Some emails from the the last days of Mary's life are shown below, in reverse chronological order. Added notes are italicized and red in brackets.

Jan 31 (Cathy to family members)

Mom threw up everything she ate for dinner tonight, which was not much. She is down quite a bit in weight, although I suspect that you could subtract 20 lbs from her already low weight and attribute it to tumors in her abdominal cavity. She has deteriorated very quickly over the past few days, and due to the pain meds is slow and sleepy much of the time. When awake she is mentally sharp. She knows what is happening to her, and is aware that she doesn't have much time left.

I plan on staying home from work this week. I have lots of sick time available and my guys are competent and able to run the office in my absence. I feel I'm needed here more than at work. [Cathy had not been at work since Jan 21—he sensed more than anyone how dire her mom's condition was.]



Jan 30 (Me to family members, two days before she died)

This is to update you on Mary’s status.

Justin, a Kaiser Hospice nurse, spent almost 3 hours with us today. Mary is now under Hospice care. It would have started next week, but due to the pain she is experiencing she jumped the queue. To alleviate the pain (12 on a 10-point scale, she told Justin), she is now on Percocet (I think it’s just below morphine, as a pain combatant). Percocet knocks her on her butt. We are likely tomorrow to order a hospital bed—one that goes up and down at the push of a button—and put it in the living room. We would move her meds and stuff for personal hygiene downstairs and she could take a shower downstairs. How much time she would spend in the bed as opposed to in front of her PC we won’t know for a few days. The bed may be ordered tomorrow and also delivered and set up tomorrow—that’s the way hospice works. [It was ordered and delivered on the 31st, and set up downstairs. Then David and Brian, who had just arrived from Berkeley on the 31st, moved it upstairs into our bedroom, at Mary's request. She wanted to stay upstairs. However, she was not moved into the bed until the 1st, around noon, by Paul, a Hospice nurse. At that point, she could not walk at all or even move much—he and I moved Mary from our bed to the hospital bed by manually sitting her up, sliding her into a wheelchair, rolling it to the other side of the room, lifting her from the wheelchair, and positioning her into the hospital bed. She died less than eight hours later.]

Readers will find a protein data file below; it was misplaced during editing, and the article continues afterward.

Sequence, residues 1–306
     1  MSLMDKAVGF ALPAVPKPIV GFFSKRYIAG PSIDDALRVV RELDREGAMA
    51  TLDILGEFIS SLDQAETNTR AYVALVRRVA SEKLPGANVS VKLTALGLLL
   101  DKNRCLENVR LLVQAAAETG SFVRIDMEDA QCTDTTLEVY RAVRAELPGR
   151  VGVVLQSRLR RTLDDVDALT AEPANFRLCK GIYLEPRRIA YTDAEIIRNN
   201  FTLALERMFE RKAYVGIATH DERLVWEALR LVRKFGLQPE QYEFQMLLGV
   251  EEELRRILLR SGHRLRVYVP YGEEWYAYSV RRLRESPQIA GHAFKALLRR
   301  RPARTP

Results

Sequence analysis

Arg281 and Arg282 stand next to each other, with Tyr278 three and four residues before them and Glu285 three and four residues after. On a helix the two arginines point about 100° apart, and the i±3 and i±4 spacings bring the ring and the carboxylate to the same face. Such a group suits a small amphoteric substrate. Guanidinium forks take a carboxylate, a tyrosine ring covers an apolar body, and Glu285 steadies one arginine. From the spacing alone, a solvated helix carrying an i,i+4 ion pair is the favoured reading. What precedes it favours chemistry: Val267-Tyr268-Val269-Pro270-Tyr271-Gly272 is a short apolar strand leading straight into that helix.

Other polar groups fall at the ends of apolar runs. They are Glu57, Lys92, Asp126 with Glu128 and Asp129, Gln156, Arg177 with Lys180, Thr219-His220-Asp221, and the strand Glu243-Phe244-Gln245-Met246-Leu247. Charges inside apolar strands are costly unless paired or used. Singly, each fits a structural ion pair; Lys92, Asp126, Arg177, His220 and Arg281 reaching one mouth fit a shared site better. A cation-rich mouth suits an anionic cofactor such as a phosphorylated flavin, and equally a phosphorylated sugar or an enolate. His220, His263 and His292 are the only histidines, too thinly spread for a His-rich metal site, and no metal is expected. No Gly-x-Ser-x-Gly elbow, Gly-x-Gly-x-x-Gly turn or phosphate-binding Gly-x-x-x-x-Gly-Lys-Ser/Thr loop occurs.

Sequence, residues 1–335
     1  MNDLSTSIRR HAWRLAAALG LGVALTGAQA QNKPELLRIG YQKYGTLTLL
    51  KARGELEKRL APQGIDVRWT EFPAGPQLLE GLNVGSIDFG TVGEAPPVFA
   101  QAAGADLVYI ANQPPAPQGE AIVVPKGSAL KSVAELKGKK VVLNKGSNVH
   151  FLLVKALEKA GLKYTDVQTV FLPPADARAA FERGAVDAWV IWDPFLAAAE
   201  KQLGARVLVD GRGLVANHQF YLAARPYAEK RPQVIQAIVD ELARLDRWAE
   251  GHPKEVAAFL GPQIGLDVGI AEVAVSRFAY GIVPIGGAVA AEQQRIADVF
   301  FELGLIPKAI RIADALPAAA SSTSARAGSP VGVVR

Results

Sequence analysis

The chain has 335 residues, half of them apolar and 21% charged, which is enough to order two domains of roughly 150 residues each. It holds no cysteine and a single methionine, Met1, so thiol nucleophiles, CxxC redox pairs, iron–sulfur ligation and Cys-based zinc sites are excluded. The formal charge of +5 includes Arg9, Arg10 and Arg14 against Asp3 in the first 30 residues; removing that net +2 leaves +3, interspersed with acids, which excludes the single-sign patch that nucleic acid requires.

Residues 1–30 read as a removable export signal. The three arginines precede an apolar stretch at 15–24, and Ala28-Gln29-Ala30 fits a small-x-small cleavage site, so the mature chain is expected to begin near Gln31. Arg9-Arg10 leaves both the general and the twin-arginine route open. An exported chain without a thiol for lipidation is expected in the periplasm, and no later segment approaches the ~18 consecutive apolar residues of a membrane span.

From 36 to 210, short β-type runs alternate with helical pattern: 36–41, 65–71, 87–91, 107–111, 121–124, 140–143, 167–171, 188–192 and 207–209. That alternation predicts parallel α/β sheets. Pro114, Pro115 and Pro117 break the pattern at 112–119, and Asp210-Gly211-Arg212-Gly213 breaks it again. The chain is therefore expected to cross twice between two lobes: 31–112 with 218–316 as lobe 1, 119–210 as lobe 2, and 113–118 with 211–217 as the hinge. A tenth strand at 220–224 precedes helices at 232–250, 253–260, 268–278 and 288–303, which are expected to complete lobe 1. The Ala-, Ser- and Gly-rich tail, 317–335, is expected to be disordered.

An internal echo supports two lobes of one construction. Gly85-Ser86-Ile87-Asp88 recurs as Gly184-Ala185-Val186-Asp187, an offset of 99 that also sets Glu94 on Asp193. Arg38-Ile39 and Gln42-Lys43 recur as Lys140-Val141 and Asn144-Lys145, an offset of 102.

This is all a huge change. I had suggested earlier to our kids that Cathy would be in touch later this evening. I just spoke to her and she said that this email will do instead.

She will make no more visits to the Kaiser hospital. All doctor visits have been canceled and she is now under the care of Dr. Russak, who I suspect will not visit her, but all Mary’s nurses report to him when they need a doctor’s decision. [Dr. Russak did come by, on Jan 31, and signed the POLST—see below.] Of course, everything is on Kaiser’s computers, so can be reviewed from anywhere. We now keep a HOSPICE binder on prominent display. Inside are agreements we’ve signed which contain details I’ll read tomorrow. On the cover are names and key phone numbers. If Mary needs urgent medical care, we call one of the numbers on the cover. Tonight a package will be delivered that we are not to open; it contains some medical supplies including morphine, that can be used if needed by a nurse who can arrive soon after we declare a medical emergency.